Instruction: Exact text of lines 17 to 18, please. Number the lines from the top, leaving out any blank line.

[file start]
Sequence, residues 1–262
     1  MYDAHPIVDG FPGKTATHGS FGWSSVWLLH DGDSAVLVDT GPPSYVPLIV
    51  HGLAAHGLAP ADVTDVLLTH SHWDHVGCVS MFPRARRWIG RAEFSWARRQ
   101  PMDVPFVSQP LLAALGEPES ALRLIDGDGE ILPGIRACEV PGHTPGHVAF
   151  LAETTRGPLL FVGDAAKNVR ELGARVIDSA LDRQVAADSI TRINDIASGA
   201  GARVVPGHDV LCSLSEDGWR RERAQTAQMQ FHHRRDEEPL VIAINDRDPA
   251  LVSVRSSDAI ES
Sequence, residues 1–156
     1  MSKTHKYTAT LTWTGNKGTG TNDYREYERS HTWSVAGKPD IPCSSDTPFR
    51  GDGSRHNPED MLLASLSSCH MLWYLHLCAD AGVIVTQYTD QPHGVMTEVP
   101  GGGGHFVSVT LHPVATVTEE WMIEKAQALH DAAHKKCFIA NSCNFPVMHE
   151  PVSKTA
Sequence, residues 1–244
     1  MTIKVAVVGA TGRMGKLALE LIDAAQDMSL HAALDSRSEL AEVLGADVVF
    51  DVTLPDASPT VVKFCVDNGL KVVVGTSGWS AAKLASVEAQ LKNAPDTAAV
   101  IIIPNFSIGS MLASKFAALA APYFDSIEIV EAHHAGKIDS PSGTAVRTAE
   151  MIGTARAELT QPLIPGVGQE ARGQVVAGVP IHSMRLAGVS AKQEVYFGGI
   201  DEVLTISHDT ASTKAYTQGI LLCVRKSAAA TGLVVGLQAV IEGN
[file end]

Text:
   151  MIGTARAELT QPLIPGVGQE ARGQVVAGVP IHSMRLAGVS AKQEVYFGGI
   201  DEVLTISHDT ASTKAYTQGI LLCVRKSAAA TGLVVGLQAV IEGN